Clear for Mac works like Clear for iPhone: you can create lists, and tasks inside lists. Tasks are color-coded (according to the theme you’re using) to show a darker tone if they’re at the top of a list, and thus have higher priority. Gestures play an important role in Clear for Mac: you can swipe with two fingers to complete or delete a task, swipe up or down to move between “levels” of the interface, pinch to go back, and so forth. From what you can see in the first promo video (embedded below), almost everything that made Clear for iPhone simple and great has been ported to the Mac version, including sounds.

There’s some new stuff, too. There’s iCloud sync, for instance, which will make Clear Mountain Lion-only. iCloud sync will require the 1.2 version of Clear for iPhone, which isn’t out yet and will require iOS 6. For the Mac version, Realmac and Impending also worked on features that leverage the OS X platform, such as keyboard shortcuts; on the other hand, Clear for iPhone 1.2 is gaining a new gesture to quickly move between lists, and a new way to paste items from other apps into a list.

Overall, Clear feels at home as a Mac app, but I’ll save my thoughts for a proper review next week.

Clear for Mac will launch at $14.99 on November 8th alongside Clear for iPhone 1.2. Check out the official promo video after the break. Read more


Preview: Analog 1.1 Launches Tomorrow With New Photo Options, Filters

When I reviewed Realmac’s Analog, a lightweight photo sharing app, back in September, I was impressed by the execution of a simple concept – applying filters to your photos to share them online – that was made popular on iOS by apps like Instagram and Camera+. From my review:

Analog offers 20 filters, which have been carefully researched by Realmac over the past months to make sure each one of them has its own personality (something we know that matters in this kind of apps) and will make your photos look great. Now I’m no photography expert, but I can recognize a nice filter when I see it. Analog’s filters range from washed out (Hefga, Golden Hour) to black & white (Noir, Dark Knight, Bromide — three B&W variations with different grey scales and contrast) to contrasty (Memory, XProcess) and other interesting options that I can’t quite classify (Kyoto, Hawkeye). Analog’s filters look good, and I definitely like the choice of 20 different filters offered by Realmac. You might argue some of them look similar to each other, but the developers have also implemented a system that ensures scratches, noise and other effects are always randomized on each processing session.

I had a chance to try out a pre-release version of Analog 1.1, which is coming out tomorrow, and it looks like those who liked the workflow and polished design of version 1.0 might have to hit the Mac App Store’s Update section as soon as the app goes live. Analog 1.1 improves on several aspects of the first version: performances and memory management have been improved, making the app snappier and more responsive when adding filters and switching between edited and non-edited versions of a photo.

The update will bring three new filters (I tested them, they look good), two new borders, and, more importantly, a new slider to adjust the intensity of your chosen filter. In my tests, this has turned out to be quite handy to manually refine the amount of modifications I wanted to make to an image. Obviously, Analog 1.1 retains the filter randomization capabilities of the previous version (so that scratches, noise and other effects are randomized on each processing session) and all the other features that made Analog 1.0 intuitive and fun to use.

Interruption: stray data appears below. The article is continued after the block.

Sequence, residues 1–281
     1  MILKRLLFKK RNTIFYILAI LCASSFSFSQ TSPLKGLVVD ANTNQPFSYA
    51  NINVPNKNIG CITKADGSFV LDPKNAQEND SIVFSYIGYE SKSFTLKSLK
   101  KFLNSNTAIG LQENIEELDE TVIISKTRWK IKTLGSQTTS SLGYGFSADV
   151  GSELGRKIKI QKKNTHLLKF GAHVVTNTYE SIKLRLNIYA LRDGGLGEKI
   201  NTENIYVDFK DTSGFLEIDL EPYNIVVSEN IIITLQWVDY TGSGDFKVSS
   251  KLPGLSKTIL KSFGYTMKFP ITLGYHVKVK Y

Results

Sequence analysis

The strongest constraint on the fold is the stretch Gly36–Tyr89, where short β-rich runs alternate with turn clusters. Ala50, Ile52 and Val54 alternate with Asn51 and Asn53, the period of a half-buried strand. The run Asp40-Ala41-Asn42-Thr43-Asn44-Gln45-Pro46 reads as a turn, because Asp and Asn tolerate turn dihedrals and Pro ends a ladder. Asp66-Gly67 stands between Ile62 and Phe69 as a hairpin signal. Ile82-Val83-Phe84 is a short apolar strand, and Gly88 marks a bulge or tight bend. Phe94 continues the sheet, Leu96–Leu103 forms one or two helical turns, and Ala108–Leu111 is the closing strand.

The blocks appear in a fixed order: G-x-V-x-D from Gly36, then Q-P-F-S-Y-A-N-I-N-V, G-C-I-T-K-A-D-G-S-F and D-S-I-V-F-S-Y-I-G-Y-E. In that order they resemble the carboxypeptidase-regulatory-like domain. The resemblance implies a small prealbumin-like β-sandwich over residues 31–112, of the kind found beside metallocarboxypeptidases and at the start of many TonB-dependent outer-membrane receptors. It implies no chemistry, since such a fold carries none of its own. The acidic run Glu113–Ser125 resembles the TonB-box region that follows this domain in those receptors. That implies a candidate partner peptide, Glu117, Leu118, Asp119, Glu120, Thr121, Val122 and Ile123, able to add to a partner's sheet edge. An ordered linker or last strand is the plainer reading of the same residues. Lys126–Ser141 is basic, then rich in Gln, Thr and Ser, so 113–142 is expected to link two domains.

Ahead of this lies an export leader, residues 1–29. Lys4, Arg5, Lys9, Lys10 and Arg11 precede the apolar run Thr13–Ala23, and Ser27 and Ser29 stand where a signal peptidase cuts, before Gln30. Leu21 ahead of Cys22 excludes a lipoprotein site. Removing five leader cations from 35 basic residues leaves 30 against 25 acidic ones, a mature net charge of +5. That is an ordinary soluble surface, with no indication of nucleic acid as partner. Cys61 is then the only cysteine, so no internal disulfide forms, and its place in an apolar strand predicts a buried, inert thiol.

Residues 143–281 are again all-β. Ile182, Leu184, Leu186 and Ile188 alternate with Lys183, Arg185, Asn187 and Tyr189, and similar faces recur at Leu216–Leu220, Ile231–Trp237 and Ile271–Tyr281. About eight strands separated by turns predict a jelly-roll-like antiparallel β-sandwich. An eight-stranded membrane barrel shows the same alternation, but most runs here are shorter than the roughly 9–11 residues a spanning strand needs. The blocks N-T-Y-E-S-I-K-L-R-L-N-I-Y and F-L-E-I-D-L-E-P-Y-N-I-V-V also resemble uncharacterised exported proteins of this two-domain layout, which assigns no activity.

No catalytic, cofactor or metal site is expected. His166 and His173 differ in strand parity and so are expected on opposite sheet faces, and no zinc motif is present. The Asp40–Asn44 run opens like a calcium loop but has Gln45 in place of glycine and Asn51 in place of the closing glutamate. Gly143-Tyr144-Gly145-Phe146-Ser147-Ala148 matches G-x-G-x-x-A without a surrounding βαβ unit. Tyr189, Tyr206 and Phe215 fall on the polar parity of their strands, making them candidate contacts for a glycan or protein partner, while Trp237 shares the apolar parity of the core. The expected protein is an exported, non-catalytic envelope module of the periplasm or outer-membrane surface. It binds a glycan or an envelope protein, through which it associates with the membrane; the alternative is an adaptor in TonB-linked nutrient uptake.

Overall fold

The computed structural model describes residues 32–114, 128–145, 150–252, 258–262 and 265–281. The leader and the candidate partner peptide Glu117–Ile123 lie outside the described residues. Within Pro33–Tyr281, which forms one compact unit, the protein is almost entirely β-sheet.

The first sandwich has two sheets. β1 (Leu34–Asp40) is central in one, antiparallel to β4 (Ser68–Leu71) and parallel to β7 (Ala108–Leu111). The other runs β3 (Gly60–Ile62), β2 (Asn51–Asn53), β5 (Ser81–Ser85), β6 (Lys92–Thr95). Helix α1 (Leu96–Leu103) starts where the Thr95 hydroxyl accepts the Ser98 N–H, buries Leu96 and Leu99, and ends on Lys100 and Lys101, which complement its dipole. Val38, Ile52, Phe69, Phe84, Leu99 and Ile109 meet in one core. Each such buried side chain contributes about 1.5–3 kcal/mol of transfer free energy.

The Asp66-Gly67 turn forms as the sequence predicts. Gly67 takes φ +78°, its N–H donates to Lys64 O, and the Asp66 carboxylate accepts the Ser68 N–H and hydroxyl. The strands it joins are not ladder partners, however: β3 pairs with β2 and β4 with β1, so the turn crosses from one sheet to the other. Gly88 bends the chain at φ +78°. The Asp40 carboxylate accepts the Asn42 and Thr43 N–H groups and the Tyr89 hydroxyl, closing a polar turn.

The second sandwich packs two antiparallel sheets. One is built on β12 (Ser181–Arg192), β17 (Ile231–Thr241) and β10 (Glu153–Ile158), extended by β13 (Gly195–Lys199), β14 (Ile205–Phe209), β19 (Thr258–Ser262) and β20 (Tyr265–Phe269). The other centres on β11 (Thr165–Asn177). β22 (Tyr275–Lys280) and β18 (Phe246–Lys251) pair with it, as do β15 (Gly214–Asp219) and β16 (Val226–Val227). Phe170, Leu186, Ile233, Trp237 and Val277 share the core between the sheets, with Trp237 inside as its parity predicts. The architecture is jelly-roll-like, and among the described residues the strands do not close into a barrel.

Analog 1.0 is currently available on the Mac App Store at $6.99. Analog 1.1 will be available tomorrow (January 24th) as a free update for existing Analog customers.


Realmac’s Analog: Apply Filters & Share Your Photos

Released today on the Mac App Store after months of teaser videos and private betas, Analog is the latest creation by Realmac Software, makers of great apps for the Mac like Courier and LittleSnapper. As the early preview videos suggested, Analog is an application to quickly edit and “beautify” your photos in a way that has been made popular recently by iOS apps like Instagram and Camera+ or, on the Mac, Flare by The Iconfactory. Whilst Analog undoubtedly shares some similarities in the main concept with these applications (pick a photo, apply a filter, share it), the execution and attention to detail of the Realmac team makes sure Analog can stand out from the crowd of post-processing utilities.

I’ve been playing with Analog, and I like it because it is extremely simple, focused, and elegant. Everything from choosing a filter to cropping an image has been made intuitive and fast, with some graphical elements (like the sharing menu) inspired by recent iOS interface guidelines brought over to OS X by Apple. Most of all, Analog is fast: I tried the app on my 13-inch MacBook Air (entry model), and filters were applied in less than a second – Analog is very snappy and responsive.

When you fire up Analog for the first time, you’re presented with a large “drop” area on the left, and a sidebar for filters and borders on the right. To start editing an image, you have to drop it into Analog’s main window; once an image is in there, you can start choosing filters and borders to “give your photo some soul”, and share it with your friends. The typical navigation and usage pattern of Analog is fairly simple: import photo, process, share.

Analog offers 20 filters, which have been carefully researched by Realmac over the past months to make sure each one of them has its own personality (something we know that matters in this kind of apps) and will make your photos look great. Now I’m no photography expert, but I can recognize a nice filter when I see it. Analog’s filters range from washed out (Hefga, Golden Hour) to black & white (Noir, Dark Knight, Bromide – three B&W variations with different grey scales and contrast) to contrasty (Memory, XProcess) and other interesting options that I can’t quite classify (Kyoto, Hawkeye). Analog’s filters look good, and I definitely like the choice of 20 different filters offered by Realmac. You might argue some of them look similar to each other, but the developers have also implemented a system that ensures scratches, noise and other effects are always randomized on each processing session.

A photo processed and exported using Analog

To switch between effects you simply have to click on them; a switch button at the top of the sidebar enables you to choose borders, which will look instantly familiar if you’ve used other apps like Instagram and Flare. Read more